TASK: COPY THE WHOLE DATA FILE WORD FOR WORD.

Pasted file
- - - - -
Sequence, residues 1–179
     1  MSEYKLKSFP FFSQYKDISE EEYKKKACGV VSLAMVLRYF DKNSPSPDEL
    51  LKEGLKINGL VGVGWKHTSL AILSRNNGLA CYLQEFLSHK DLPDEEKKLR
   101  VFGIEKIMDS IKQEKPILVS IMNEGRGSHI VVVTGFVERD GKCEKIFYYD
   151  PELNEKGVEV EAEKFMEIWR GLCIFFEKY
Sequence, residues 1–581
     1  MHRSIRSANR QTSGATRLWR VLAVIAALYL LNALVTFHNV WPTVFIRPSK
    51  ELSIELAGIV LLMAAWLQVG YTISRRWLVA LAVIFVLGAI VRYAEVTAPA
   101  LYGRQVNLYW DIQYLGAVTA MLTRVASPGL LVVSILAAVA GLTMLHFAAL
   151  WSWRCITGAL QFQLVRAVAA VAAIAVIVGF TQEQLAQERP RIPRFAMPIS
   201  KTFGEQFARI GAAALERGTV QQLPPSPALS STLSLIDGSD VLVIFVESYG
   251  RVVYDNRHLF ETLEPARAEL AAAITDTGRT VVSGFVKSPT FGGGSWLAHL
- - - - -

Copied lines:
Sequence, residues 1–179
     1  MSEYKLKSFP FFSQYKDISE EEYKKKACGV VSLAMVLRYF DKNSPSPDEL
    51  LKEGLKINGL VGVGWKHTSL AILSRNNGLA CYLQEFLSHK DLPDEEKKLR
   101  VFGIEKIMDS IKQEKPILVS IMNEGRGSHI VVVTGFVERD GKCEKIFYYD
   151  PELNEKGVEV EAEKFMEIWR GLCIFFEKY
Sequence, residues 1–581
     1  MHRSIRSANR QTSGATRLWR VLAVIAALYL LNALVTFHNV WPTVFIRPSK
    51  ELSIELAGIV LLMAAWLQVG YTISRRWLVA LAVIFVLGAI VRYAEVTAPA
   101  LYGRQVNLYW DIQYLGAVTA MLTRVASPGL LVVSILAAVA GLTMLHFAAL
   151  WSWRCITGAL QFQLVRAVAA VAAIAVIVGF TQEQLAQERP RIPRFAMPIS
   201  KTFGEQFARI GAAALERGTV QQLPPSPALS STLSLIDGSD VLVIFVESYG
   251  RVVYDNRHLF ETLEPARAEL AAAITDTGRT VVSGFVKSPT FGGGSWLAHL